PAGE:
One of the more enlightening exchanges in the oral argument in Zivotofsky v. Kerry focused on how Justice Story and Alexander Hamilton viewed the recognition power–was it only for the President, or did Congress have a role.
Justice Breyer, an unexpected originalist, kicks it off, with a quotation from Justice Story:
JUSTICE BREYER: If you take that position, 2 which explains it, then what do you think of Justice Story who writes in 1833 that, “The exercise of the prerogative of acknowledging new nations and ministers” and he makes clear that involves whether a city or a region is part of a country, et cetera, he says, it’s an executive function. Some argue, as we I think we’ve just heard, that Congress could make that decision, too, but that hasn’t been decided. And he concludes that, “A power so extensive in its reach over our foreign relations could not properly be conferred on any other than the Executive Department will admit of little doubt.” …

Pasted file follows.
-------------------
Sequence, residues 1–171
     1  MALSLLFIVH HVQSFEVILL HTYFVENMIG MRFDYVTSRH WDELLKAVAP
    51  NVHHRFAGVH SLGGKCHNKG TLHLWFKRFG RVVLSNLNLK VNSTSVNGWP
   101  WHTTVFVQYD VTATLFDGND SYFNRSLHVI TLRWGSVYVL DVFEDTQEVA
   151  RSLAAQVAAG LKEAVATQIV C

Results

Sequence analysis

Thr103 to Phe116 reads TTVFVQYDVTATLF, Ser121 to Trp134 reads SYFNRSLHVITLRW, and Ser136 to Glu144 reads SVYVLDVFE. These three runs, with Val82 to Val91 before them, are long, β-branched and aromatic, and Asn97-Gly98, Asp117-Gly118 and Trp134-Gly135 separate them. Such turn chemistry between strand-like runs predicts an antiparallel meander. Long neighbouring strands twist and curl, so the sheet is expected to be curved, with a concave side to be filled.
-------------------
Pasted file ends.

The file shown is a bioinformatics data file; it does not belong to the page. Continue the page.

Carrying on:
So he is saying, of course, you have to have one person deciding such a thing, and that has to be the Executive. That’s 1833, pretty knowledgeable about the founders’ intent.
The Chief took Breyer’s citation to Story, and raised him a Hamilton:
CHIEF JUSTICE ROBERTS: I suppose I suppose you could also say Hamilton in 1787 or whatever it was trumped Storey [sic] in 1830, right? I mean, he said pretty much the exact opposite, that the recognition provision was really just a trivial formality.
Alas, Ms. Lewin three some cold water on Alex:
MS. LEWIN: Hamilton also switched his position before he was in the administration and after he was in the administration.
If you wish to read more about the original understanding of the recognition power, please check out the 2015 Harlan Institute-ConSource Virtual Supreme Court competition, which focuses on just this question. The lesson plan is here.